I was one of those who were really shocked by the brazenness of the humiliation. For a year and a half in 1991, I was in an American detention camp in Saudi Arabia. From that experience, I never would have thought that this could go on in an American camp, although I wasn't a POW. I was just a refugee who came to them after the war was over. These pictures demystified the idea of the democratic society, when put side by side with Arabs' own rotten dictators and torturers.

But if you read what is being written about the photos [in the press] and the statements from officials, the writings are all about America and what has been done to the American reputation or US prospects in the Middle East. No one is talking about what this has done to the hearts and souls of Iraqis for generations to come.

There is also another victim here--the victimizer, if you will. We cannot just say that these are rogue soldiers and that we have no responsibility for them.

But here is Donald Rumsfeld, secretary of defense, splitting hairs over the technical difference between abuse and torture, or the president going on Arab television and, instead of being a statesman and apologizing about what happened under his watch as commander-in-chief, he gives a boring lecture about "what we do in America." You can just imagine the difference if these were American soldiers being tortured and humiliated and exposed.

It does not bode well for the United States to be compared to Libya or Saddam's Iraq or Egypt or Syria. This is arrogant power, and a situation where people thought that they were untouchable, and a chain of command that did not pay attention. The United States is spending hundreds of millions of dollars to polish its image abroad by opening newspapers and satellite channels, and here come 20 pictures and all that money goes down the drain. This is treason, pure and simple.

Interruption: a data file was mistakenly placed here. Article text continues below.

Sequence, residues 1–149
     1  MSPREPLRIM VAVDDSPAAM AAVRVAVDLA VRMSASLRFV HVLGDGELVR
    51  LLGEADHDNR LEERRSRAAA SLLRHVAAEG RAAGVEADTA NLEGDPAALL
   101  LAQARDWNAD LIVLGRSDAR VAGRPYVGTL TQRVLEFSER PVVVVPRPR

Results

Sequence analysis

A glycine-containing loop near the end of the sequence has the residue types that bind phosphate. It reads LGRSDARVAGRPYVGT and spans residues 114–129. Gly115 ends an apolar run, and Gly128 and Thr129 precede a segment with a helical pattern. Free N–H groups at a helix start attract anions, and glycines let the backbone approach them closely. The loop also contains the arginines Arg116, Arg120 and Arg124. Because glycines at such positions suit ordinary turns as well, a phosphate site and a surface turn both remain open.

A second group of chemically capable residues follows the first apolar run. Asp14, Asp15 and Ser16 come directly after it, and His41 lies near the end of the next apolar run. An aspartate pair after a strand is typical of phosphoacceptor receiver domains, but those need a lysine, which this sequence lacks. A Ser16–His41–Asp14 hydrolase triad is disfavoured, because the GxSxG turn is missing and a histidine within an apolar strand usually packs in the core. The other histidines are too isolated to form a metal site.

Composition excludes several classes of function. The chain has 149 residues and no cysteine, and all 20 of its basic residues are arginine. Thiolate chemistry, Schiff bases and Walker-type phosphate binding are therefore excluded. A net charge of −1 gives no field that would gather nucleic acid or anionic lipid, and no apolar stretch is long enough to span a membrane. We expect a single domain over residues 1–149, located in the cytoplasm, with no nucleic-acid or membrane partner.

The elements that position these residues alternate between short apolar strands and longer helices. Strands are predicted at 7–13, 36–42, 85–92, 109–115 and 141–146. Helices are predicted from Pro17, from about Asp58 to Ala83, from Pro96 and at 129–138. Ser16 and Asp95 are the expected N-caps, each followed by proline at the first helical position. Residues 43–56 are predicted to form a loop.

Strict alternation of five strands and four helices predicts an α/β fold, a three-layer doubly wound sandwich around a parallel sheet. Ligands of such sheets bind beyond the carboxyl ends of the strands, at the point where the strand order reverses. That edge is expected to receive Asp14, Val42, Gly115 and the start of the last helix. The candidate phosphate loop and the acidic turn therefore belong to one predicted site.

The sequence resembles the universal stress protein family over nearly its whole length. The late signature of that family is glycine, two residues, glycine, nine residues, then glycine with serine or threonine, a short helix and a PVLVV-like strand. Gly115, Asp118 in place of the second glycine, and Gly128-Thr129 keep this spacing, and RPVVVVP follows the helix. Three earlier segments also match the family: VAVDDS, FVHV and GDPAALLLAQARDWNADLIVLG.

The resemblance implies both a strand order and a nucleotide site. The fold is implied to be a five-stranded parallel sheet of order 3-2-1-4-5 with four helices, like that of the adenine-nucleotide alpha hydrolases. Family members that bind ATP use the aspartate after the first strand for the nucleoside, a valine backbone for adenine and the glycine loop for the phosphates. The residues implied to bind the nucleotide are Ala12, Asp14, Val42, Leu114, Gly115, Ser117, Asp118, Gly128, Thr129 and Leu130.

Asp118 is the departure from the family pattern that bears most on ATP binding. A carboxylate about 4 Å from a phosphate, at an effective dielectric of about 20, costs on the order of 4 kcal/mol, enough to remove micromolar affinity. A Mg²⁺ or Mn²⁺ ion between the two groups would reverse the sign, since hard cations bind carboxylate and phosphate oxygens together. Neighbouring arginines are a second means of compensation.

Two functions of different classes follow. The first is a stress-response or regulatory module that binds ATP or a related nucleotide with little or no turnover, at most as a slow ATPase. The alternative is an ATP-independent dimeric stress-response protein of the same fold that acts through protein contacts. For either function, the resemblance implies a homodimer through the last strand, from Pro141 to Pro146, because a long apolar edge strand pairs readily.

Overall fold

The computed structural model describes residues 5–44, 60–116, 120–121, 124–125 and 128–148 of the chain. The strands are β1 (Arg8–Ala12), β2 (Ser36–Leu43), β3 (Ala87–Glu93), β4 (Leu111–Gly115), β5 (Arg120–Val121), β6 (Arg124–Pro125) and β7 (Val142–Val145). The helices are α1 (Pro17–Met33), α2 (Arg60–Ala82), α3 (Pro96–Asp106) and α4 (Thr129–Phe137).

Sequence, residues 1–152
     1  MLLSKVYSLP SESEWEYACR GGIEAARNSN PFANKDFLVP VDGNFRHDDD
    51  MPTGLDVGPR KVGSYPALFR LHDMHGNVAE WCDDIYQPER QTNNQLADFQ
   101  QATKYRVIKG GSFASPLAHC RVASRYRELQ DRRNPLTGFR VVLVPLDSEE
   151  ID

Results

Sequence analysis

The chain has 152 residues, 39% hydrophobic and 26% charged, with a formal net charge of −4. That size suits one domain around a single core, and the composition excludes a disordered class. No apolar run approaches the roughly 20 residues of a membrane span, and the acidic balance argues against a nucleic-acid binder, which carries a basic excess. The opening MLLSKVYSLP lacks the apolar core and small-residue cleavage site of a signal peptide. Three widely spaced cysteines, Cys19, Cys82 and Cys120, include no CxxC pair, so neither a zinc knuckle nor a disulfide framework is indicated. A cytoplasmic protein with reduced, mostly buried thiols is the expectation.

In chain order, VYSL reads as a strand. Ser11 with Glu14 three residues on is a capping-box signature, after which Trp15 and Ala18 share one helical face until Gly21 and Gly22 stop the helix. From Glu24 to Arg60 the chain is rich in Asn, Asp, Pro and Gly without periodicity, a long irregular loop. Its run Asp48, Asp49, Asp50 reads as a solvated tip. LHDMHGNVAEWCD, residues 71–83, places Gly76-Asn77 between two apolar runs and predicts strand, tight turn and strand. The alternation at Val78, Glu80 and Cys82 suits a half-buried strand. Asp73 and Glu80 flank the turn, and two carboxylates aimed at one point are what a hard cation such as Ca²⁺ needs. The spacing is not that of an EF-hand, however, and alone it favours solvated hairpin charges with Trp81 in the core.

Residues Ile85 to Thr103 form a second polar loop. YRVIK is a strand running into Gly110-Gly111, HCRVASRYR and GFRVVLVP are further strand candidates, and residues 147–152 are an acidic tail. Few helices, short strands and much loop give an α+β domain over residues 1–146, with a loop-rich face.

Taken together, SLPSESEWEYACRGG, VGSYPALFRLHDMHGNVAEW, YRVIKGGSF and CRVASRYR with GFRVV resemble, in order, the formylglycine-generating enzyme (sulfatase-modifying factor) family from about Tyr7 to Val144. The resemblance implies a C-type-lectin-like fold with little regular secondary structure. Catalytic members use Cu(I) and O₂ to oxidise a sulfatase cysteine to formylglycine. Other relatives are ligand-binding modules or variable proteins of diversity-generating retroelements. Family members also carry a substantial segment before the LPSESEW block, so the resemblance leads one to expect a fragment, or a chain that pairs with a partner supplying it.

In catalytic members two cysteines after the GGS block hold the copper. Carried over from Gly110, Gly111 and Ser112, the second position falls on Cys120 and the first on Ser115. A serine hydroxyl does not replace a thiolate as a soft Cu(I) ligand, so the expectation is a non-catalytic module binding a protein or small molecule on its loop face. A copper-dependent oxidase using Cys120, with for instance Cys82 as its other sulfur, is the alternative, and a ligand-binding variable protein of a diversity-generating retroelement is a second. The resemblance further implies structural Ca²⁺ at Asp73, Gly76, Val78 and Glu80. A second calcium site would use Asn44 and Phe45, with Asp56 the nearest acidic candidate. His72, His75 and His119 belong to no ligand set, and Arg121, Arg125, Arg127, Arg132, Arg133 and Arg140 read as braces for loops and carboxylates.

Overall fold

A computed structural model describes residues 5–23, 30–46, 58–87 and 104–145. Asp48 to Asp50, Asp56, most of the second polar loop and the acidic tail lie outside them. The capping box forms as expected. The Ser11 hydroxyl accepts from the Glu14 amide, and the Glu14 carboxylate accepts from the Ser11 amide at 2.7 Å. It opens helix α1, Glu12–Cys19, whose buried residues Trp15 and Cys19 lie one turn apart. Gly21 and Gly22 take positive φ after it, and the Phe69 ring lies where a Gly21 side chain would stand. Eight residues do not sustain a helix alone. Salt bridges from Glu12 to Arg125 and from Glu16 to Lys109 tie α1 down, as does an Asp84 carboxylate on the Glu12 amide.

BI: You know Iraq and you know the United States--what is your prediction for the future?

Kadhim: They are talking about turning things over to an Iraqi authority in about 50 days. No one knows, including the United States, who these people will be. There is backpedaling on so many principles--de-Baathification is now becoming re-Baathification; talk of a stable Iraq has turned into [a reality where] first a few cities, then a "triangle", and now nearly every city has shooting at Americans. You have a stifling of the media, especially of those who criticize the bad situation. You have the staff of American-sponsored papers collectively resigning. There is no plan and they are listening to the wrong people. Those who are in charge are too arrogant to admit failure.